No one likes to be singled out for his privilege. But class privilege always seems the hardest to confront. This is probably because all of us have struggled with money as individuals or as a part of a family at some point in our lives, either in our decisions, our ability to stay afloat or our anxiety to save. Everyone feels middle-class.
In America, the notion of the middle class is sacred, but also more widely adopted than is statistically reasonable. A 2015 Gallup poll had 51 percent of Americans identifying themselves as middle class, while a September 2015 survey from Brookings measured 85 percent of respondents identifying as middle class. Despite these conflicting numbers, there is a clear consensus in the research: More Americans think they are middle class than those who actually fall into the middle quintile of income in the United States. There are several reasons for this disparity.
CNN Money, in an attempt to find out, “What is middle class, anyway?” identified five areas people can consider when they identify as middle class: income, wealth, consumption, aspirations and demographics. Our indicators of class are, in fact, as much social as they are economic. They are based on what we look like, what we wear, what we buy, how much we save and what our lifestyles look like just as much as they are based on income level.
In The Atlantic’s 2013 article, “Why Americans All Believe They’re Middle Class,” author Anat Shenker-Osorio cites media representation as a reason for the overwhelming identification with the middle class: “Not finding popular depictions of wealth and poverty similar to our own lived experiences, we determine we must be whatever’s left over.”
This rings true to my media experience. I often become frustrated by media depictions of “average” families in multi-million dollar California homes or the lack of good, working-class TV for the 21st century (though I do still love the ’90s sitcom “Malcolm in the Middle”). Movies feature well-educated urbanites living in huge apartments, maybe occasionally referencing bills to retain that “down-to-earth image,” but conflicts never center on socioeconomic status. The excessive wealth we see portrayed on reality TV, such as the Kardashian family’s, adds to the sense of class isolation. Even the 1 percent is not monolithic, and when people see extravagant displays of wealth in the media, they can view themselves as closer to the middle class than they actually are.
On the other hand, popular signifiers of low income level and poverty can be just as isolating. Homelessness and the poverty line as indicators of the lower class make people in the lower quintiles of American income turn away from identifying as such. The notion that financial struggles are just temporary roadblocks of hardworking middle-class families runs rampant in post-recession America. Anyone who doubts this can take a look at CBS’s much-critiqued summer reality show “The Briefcase.” Its egregious premise pits supposedly middle-class families, whose massive debt and dire financial situations indicate they are anything but, against one another for $100,000.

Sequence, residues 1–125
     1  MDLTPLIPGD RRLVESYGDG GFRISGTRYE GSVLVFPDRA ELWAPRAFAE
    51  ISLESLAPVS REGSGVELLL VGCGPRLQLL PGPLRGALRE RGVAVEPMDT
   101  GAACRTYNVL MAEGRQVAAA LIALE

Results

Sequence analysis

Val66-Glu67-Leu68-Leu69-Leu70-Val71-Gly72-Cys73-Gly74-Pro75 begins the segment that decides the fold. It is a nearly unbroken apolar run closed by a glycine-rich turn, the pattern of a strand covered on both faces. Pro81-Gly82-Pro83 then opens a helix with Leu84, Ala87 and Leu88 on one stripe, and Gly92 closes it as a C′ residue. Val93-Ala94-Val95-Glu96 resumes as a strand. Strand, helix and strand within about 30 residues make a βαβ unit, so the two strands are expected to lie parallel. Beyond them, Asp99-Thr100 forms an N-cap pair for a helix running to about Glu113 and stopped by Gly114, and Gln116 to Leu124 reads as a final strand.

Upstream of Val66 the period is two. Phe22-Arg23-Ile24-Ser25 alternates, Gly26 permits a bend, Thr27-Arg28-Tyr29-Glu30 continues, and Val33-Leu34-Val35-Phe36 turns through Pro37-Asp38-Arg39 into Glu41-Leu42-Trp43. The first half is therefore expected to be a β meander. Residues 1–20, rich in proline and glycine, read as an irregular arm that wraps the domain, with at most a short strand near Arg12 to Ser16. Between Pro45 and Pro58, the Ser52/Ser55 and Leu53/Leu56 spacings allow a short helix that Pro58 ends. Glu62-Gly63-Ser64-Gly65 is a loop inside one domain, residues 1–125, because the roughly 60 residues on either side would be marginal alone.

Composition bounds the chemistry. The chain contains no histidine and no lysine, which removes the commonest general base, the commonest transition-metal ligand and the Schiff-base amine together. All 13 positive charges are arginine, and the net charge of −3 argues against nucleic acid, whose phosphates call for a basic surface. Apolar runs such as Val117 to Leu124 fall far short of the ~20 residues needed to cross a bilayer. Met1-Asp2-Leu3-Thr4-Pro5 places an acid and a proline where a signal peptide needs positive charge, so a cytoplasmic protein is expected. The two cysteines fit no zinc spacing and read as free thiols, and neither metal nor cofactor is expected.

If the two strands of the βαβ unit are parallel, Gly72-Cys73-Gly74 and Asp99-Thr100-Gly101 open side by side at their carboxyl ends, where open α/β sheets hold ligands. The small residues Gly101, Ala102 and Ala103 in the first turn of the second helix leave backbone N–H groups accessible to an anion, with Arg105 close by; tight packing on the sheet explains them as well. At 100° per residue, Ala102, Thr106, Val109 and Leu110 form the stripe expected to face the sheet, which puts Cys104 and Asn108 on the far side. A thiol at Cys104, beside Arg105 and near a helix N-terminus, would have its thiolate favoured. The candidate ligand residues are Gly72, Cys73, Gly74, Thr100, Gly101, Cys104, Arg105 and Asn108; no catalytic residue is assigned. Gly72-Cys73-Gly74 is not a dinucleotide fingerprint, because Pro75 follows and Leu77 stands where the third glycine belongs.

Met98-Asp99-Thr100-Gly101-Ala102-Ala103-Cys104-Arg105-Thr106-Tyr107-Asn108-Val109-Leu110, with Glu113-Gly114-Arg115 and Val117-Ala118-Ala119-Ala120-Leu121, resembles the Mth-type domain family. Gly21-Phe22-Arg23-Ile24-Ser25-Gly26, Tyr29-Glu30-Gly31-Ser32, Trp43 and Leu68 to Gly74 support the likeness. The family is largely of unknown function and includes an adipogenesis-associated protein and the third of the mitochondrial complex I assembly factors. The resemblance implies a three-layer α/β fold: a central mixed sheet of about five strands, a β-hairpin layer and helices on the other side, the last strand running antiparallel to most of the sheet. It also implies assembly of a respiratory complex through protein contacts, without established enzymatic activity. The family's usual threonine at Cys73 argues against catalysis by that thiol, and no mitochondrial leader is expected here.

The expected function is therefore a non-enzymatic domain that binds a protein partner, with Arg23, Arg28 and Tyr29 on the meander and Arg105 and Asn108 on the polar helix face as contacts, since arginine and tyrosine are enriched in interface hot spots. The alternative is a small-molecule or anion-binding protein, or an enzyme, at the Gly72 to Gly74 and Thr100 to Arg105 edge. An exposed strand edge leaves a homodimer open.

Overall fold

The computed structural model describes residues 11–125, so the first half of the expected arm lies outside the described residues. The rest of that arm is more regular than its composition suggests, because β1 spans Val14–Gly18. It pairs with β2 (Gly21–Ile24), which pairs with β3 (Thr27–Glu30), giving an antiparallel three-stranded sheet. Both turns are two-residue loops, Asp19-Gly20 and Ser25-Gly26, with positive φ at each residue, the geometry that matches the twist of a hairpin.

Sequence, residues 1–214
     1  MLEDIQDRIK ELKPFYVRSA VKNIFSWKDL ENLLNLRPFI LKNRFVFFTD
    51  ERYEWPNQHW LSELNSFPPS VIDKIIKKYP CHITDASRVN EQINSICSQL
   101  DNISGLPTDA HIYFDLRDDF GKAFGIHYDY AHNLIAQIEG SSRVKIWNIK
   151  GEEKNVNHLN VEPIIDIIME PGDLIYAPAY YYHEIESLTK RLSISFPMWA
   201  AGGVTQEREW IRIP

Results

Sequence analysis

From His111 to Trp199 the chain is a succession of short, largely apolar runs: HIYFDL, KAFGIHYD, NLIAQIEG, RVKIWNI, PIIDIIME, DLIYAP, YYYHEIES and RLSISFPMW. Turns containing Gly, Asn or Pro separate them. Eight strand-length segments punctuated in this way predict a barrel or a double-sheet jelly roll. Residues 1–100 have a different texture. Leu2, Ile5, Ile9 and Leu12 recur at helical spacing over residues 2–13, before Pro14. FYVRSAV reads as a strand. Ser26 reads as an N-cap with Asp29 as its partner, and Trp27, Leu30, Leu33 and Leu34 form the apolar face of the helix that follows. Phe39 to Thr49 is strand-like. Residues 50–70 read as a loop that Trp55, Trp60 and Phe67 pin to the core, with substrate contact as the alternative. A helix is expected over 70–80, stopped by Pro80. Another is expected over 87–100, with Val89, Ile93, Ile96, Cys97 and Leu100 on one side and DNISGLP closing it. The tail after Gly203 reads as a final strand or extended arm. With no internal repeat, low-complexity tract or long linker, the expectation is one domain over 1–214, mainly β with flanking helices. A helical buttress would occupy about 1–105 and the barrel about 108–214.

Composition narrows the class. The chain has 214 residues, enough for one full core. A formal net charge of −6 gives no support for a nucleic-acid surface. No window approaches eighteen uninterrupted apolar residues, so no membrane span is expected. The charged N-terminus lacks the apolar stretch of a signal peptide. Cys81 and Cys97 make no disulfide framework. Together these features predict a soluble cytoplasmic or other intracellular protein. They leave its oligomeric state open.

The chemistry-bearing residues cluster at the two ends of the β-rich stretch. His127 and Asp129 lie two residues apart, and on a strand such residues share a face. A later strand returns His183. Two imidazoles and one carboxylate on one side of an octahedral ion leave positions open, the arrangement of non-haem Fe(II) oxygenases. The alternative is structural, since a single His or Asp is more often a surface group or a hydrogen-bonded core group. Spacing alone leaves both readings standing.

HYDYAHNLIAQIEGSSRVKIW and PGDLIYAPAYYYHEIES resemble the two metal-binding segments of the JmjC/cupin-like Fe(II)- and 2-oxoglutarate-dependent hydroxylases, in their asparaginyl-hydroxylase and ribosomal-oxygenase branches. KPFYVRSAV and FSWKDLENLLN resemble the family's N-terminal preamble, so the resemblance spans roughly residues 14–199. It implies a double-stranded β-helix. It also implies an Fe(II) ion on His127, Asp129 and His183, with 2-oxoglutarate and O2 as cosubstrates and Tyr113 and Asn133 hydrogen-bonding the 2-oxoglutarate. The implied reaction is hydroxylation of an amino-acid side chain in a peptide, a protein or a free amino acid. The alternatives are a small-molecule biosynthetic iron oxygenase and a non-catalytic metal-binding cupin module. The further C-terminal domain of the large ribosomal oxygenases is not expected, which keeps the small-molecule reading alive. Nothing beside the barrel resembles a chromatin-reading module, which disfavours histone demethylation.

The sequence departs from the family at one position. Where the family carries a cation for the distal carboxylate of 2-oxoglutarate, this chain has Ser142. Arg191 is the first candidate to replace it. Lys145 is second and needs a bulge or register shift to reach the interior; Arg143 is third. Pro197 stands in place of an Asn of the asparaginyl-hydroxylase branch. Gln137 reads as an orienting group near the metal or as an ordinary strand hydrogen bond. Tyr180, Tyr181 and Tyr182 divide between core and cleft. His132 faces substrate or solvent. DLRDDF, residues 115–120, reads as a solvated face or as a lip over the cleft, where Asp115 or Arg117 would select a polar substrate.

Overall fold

Everyone says he is the exception. Everyone says he is part of that invisible, illusive middle class. No one wants to say he is rich and no one wants to say he is poor.
The effects of this phenomenon, in many of its forms, can be found at Georgetown University. No matter how many people are aware of “The Great Gatsby’s” thematic argument, the notion of the American Dream is still very much alive on campus. I have heard many people attribute their socioeconomic status to their parents’ or grandparents’ hard work or frugality. Vacations, cars, unpaid internships and lack of loans are all justified by prudence or as long-deserved rewards for hard work. Georgetown students are aware of class but are often defensive about it. Because we attach such social and ethical values to class in the United States, to imply association with either the rich or the poor is to condemn oneself to unflattering stereotyping.
The difference is that while stereotyping the rich may hurt feelings, stereotyping the poor causes those with the least social clout to further lose legitimacy. No condemnation of Kim Kardashian’s materialism or criticism of Hillary Clinton’s old-money lifestyle has stopped them from dominating our cultural and political narratives. As long as people on either end of the socioeconomic spectrum can play the part of the middle-class person — act sufficiently down-to-earth, but not unrefined; be scrappy, but not dirty; not spend too much, but not scrimp either; have a nice house, but not too nice — they are accepted as such, and we as a community can ignore the problem of socioeconomic stratification that is actually occurring.
The same is true of our Georgetown community. We must prioritize the issue of class, no matter how difficult it can be to discuss. Class may be the hardest privilege to come to terms with. But to recognize class struggle, we must understand that how we see ourselves and other hardships we’ve faced don’t necessarily have bearing on our class. Then we can start on the road to rectifying it.


Laura Owsiany is a senior in the College. Missing Class appears every other Friday.

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